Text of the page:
The concept of real space is easy to understand. A point is a common exampleof one-dimensional real space and a line, an example of two-dimensional realspace. The real world in which we live--where objects have length, width, andheight--is an example of three-dimensional real space.
But conceptions beyond these three dimensions are often difficult to comprehend. Albert Einstein helped break through this barrier when he made use of four-dimensional analysis in his theory of relativity. His fourth dimension--time--suggests another level of reality beyond the immediate, apparent, and static three-dimensional world with which we are familiar.
But what does it mean to talk about space with five, six, seven, twenty, or an infinite number of dimensions? The human mind has no concrete experience from which to interpret and understand such concepts. Yet, as early as 1906, the French mathematician Maurice-René Fréchet developed methods for dealing with spaces that fall outside our concrete experiences: ensemble abstraite--as he called them--or abstract spaces as they are now known.
Fréchet developed the concept of abstract space by extrapolating fromwhat we know about three-dimensional space. That is, a person living on a plane surface (two-dimensional space) might be able to predict what three dimensions are like, based on what she or he knows about her or his own world. Fréchet used a similar technique to describe space with more dimensions than the three or four with which we are familiar.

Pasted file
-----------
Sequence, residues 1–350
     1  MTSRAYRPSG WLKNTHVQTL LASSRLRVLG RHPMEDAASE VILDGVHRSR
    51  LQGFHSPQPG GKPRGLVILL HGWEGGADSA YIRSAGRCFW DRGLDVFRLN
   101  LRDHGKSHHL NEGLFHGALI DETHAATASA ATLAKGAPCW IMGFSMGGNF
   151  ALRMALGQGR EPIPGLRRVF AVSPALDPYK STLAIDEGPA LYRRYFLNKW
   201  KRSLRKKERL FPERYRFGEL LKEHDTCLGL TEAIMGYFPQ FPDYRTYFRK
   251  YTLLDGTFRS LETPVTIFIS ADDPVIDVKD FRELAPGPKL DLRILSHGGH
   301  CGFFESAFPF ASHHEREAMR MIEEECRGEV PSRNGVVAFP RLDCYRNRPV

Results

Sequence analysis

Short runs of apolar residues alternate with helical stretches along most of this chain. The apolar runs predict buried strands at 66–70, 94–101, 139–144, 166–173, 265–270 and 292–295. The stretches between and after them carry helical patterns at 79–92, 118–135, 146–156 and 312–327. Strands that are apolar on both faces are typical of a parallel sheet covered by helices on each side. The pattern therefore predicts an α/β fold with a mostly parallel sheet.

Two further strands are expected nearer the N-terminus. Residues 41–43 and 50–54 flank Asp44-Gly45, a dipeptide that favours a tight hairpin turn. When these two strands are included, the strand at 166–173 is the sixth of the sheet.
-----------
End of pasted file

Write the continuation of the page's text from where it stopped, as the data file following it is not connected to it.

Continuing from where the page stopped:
Fréchet was born in Maligny, France, on September 2, 1878. When he wasstill a boy, his family moved to Paris, where he eventually attended the Lyceé Buffon and the École Normale Supérieure. In 1906, hewrote his doctoral thesis, Surquelques points du calcul fonctionnel,on his concept of absolute space.
Fréchet held a number of teaching positions during his lifetime, at the lyceés in Besançon and Nantes (1907-1909) and the universities of Rennes (1909-1910), Poitiers (1910-1919), Strasbourg (1920-1927), and Paris (1928-1948). He received a number of awards and honors during his lifetime and died in Paris on June 4, 1973.
Later in his life, Fréchet turned his attention to the study of probability theory, topology , and number theory, but his fame rests primarily on his early work on abstract space. That work stimulated the growth and development of topology and functional analysis.